4. Capstone Experience (CE)….……………………………………………  12

Capstone Experience Summary of Findings…..……………     13

Other Ongoing Initiatives Related to GEI….……………………………………  13

1. Institute for Transforming Undergraduate Education (ITUE)………..….        13

2. Global Citizenship Certificate…………………………………………...     14

            3. Inter-Institutional General Education Assessment Project………………       14

4. General Education Grant Program…….…………………………………    15

            5. Information Technology IT – The Present………………………………      16

6. Technology-Enhanced Course Redesign Grant Program……..…………      16

7. CFIS International Projects Program….…………………………………    17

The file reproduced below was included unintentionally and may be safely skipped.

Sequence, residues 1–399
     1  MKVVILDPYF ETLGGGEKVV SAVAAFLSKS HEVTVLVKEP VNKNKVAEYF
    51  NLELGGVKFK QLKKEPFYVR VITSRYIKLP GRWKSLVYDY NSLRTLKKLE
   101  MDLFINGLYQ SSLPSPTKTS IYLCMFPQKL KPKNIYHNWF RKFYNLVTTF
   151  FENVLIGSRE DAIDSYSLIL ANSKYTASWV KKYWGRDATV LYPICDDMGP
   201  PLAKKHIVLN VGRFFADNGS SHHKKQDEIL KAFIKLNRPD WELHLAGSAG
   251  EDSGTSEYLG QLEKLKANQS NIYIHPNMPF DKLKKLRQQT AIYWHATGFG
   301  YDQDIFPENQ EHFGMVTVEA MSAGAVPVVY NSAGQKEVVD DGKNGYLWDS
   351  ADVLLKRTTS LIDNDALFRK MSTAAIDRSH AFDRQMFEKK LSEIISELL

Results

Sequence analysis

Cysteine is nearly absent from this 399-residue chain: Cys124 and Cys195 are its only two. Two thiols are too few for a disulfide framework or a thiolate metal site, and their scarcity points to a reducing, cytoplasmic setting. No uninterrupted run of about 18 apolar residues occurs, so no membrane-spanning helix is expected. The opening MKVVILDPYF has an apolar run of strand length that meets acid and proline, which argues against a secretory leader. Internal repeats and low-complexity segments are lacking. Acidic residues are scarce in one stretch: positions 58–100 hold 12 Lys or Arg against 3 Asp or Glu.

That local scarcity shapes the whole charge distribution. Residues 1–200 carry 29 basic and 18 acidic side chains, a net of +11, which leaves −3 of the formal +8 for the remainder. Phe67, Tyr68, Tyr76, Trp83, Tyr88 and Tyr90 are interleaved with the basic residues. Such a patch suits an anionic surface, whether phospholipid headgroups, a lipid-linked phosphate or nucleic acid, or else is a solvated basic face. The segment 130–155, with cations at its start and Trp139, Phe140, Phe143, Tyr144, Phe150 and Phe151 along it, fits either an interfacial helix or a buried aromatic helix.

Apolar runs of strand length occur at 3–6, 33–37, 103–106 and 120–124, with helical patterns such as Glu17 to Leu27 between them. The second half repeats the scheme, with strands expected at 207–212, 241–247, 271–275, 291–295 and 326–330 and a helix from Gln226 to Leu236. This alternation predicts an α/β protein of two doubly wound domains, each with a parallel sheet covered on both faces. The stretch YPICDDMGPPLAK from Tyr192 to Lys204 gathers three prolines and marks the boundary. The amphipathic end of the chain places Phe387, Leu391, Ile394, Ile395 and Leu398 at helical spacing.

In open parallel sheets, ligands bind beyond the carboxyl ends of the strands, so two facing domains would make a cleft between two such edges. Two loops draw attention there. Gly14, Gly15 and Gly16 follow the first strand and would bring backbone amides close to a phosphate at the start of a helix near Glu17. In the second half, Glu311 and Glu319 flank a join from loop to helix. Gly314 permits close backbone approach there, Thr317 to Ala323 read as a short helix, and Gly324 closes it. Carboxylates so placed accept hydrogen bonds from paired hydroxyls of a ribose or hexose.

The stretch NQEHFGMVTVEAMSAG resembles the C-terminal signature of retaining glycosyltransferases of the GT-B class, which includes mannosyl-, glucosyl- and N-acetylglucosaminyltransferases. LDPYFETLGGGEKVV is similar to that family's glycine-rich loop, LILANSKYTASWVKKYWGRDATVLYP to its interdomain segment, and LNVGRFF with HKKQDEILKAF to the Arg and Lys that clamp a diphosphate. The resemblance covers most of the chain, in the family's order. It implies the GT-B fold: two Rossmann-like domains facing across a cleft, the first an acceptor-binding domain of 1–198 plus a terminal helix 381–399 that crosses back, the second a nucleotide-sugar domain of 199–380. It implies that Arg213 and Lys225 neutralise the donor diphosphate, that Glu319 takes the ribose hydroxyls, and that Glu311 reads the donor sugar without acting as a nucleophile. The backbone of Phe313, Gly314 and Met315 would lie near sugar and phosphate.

Implementation Process……..……………………………………………………  18

1. Faculty Senate General Education Committee……..……………………      18

2. Office of Undergraduate Studies (UGS)…………………………………    18

3. Assessment….…………………………………………………………… 19

4. Resource Support…...……………………………………………………  19

Dissemination………...…………………………………………………………… 21

Concluding Statement……….……………………………………………………   21


Appendix A - Assessment Summary of General Education

Appendix B - Conference Presentations and Publications

Appendix C - Participants: Administrators, Faculty, Professional, Staff, Students



Introductory Statement


In March 2000, the University of Delaware Faculty Senate approved nine resolutions covering a three-year provisional period of the General Education Program (GEP). The resolutions were a direct outcome of the 1998 report to the Faculty Senate by an ad hoc Committee on General Education chaired by Dr. Carol Hoffecker. The ad hoc committee report and the Faculty Senate resolutions are available online.


ad hoc Committee Report website.



Faculty Senate Resolutions website.